Obesity will also affect a person’s mental health. Obesity can lead to depression, anxiety, low self-esteem, and negative self-talk. In some people, it can lead to eating disorders in an attempt to control their weight.
Obesity-Related Deaths in Canada
While smoking is still the major cause of premature, preventable deaths, it is predicted that obesity will overtake it in years to come. Around 12% of deaths in Canada were obesity-related in 2017. Diabetes, which is higher among people with obesity, was the seventh main cause of death in 2017 with 2.5% of all deaths.
What is Behind the Increased Rate of Obesity?
While genetics plays a big part in how prone we are to put on weight, what we eat and how much we exercise is also important. Considering that 22% of adult diets and 25% of 14-18 year olds’ diets consist of ”other foods” it is easy to see why Canadians are getting heavier. Foods in this category are high in sugar, fat, and salt, such as fast food, condiments, and sugary beverages.
At the same time, the majority of Canadians are not eating the recommended amount of fruit and vegetables. When people consume less fruit and vegetables and more other fruits, they are more likely to be obese regardless of their genetics, or socio-economic background.
The other driver behind rising obesity in Canada is decreased activity levels. Many jobs require very little physical activity, most people get to work either by car or using public transport. Even at home, many tasks are becoming easier with inventions such as robot hoovers and lawnmowers. Just over half, 52.5% of Canadian adults say they are physically active. However, only around 15% meet the national guidelines for being active.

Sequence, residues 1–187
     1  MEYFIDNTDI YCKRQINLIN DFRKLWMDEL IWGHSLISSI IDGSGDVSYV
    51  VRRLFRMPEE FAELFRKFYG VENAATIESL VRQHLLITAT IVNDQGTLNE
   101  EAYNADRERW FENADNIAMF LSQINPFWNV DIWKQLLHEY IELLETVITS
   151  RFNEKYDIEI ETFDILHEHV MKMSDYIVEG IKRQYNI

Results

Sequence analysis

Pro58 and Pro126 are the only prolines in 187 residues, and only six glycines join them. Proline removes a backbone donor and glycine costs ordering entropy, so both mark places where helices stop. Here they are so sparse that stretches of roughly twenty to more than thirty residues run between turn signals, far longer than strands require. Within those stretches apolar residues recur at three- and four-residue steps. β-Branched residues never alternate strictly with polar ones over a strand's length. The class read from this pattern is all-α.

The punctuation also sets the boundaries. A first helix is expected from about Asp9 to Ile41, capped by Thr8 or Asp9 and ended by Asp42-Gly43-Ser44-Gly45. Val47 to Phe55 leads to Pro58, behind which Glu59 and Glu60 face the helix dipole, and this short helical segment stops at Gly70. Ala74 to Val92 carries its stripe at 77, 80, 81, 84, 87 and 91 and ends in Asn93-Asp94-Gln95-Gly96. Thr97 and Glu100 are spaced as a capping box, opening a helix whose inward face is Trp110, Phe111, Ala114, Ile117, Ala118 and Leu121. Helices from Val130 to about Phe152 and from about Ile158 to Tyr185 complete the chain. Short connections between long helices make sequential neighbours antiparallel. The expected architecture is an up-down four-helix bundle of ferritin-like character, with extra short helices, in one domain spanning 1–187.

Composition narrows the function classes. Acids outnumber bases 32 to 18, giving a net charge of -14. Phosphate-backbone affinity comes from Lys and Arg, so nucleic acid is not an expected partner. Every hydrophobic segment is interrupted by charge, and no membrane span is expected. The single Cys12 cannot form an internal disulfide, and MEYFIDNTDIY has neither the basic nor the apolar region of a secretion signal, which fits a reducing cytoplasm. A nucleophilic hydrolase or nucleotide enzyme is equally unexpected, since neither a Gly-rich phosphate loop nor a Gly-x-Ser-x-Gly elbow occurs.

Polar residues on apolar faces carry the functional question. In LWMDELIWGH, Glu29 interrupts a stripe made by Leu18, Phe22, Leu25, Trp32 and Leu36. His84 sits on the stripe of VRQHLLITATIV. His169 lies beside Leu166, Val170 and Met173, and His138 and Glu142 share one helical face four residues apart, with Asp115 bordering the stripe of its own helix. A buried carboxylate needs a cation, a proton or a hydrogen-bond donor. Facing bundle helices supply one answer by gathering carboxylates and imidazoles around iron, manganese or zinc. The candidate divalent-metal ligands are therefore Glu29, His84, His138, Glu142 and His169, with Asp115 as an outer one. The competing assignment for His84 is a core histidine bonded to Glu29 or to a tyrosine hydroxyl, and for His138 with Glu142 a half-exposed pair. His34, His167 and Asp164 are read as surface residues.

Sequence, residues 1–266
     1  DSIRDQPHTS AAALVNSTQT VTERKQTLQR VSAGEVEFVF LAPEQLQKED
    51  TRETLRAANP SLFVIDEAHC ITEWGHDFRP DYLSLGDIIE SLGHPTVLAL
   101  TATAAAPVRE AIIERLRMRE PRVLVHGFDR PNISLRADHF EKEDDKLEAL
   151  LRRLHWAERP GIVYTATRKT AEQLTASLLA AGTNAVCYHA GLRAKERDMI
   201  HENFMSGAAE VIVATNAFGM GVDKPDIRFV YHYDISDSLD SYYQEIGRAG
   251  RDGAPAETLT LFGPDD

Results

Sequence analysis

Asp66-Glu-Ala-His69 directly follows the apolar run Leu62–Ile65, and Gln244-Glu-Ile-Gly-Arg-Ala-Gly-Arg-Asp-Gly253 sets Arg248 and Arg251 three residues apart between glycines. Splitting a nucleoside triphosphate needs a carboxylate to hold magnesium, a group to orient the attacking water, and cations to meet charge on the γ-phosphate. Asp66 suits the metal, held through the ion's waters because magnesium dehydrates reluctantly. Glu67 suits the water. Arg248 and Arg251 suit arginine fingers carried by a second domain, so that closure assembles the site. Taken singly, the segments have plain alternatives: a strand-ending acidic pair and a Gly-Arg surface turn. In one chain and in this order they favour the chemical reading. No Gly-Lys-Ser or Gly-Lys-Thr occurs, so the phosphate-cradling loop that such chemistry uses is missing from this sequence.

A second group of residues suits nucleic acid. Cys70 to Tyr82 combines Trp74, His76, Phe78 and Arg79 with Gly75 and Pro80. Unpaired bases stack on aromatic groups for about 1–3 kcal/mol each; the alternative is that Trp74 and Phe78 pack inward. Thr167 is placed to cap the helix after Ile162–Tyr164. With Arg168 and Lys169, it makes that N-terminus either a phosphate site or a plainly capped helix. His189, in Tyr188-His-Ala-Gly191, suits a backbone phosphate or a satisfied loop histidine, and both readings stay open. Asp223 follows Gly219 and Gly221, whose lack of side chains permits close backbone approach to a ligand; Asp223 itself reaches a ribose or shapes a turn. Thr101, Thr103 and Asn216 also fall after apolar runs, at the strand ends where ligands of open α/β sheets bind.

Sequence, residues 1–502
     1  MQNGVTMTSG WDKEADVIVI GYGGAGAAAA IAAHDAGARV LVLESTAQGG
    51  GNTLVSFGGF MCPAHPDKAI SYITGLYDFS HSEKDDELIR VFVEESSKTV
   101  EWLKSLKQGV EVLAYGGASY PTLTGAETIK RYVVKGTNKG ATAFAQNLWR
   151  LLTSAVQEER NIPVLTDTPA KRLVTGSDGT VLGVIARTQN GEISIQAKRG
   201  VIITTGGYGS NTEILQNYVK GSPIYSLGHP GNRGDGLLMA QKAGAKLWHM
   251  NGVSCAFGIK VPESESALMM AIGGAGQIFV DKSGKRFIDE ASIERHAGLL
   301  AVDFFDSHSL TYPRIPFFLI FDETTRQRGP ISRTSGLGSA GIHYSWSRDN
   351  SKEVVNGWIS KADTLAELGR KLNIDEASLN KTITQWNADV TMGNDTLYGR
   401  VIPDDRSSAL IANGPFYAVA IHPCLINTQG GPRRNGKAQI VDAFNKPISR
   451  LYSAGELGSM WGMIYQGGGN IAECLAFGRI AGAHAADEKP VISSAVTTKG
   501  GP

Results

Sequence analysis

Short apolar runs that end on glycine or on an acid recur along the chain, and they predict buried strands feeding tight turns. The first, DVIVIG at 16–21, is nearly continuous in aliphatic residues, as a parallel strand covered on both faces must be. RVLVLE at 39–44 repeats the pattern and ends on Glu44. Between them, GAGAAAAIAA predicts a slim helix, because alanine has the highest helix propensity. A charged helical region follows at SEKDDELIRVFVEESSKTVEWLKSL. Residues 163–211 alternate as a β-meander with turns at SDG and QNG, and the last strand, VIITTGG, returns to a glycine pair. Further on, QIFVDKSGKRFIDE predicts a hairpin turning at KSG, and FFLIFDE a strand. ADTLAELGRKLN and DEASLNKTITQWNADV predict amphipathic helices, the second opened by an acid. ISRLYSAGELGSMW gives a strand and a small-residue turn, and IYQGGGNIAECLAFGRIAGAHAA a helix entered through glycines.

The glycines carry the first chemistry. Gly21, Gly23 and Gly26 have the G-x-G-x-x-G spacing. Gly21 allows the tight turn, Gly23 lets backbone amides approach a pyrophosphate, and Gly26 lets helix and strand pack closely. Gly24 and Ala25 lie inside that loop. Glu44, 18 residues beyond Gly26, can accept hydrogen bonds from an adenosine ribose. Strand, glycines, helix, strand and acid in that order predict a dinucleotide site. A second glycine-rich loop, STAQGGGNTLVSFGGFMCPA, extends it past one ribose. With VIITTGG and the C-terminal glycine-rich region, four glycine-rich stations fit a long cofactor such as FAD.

The situation is worse among the young people in Canada, with only 7% of them attaining moderate levels of physical activity. Rather than spending time being active, Canadian youth are more likely to spend time on sedentary activities such as playing video games or watching TV. On average, young people in Canada spend over six hours on a weekday on sedentary activities that involve watching a screen of some description.
Global Picture of Obesity
Globally, the economic cost of obesity was around $2.7 trillion in 2014, which was about 2.8% of the global GDP. The rate of obesity has almost tripled globally since 1975 and in 2016, there were over 1.9 billion adults who were overweight and 650 adults who were obese according to the World Health Organization (WHO). This means that 39% of adults were overweight and 13% obese. Obesity is now a bigger cause of preventable mortality than underweight.
Obesity in children is growing across the globe just like it is in Canada. In 2020, 39 million children younger than five were either overweight or obese. Global data also shows that in 2016, 340 million children and young people aged 5-19, were overweight or obese.
Obesity is a growing problem in Canada and across the globe. It costs the Canadian healthcare system more every year and is fast becoming the leading cause of preventable deaths among Canadians.
The main drivers behind the rising obesity rates in Canada are changes in lifestyle with jobs and commutes becoming more sedentary and increased consumption of fatty and sugary foods. The obesity rates are expected to continue growing in Canada unless comprehensive strategies are put in place.
Frequently Asked Questions
According to the Canadian Government, 26.6% of Canadians are obese, which is more than 8 million people.
Canadians are becoming heavier because their diets include more sugary and fatty foods and their lives are more sedentary.
About a third of Canadians under 17 years of age are obese and this number has tripled in the last thirty years.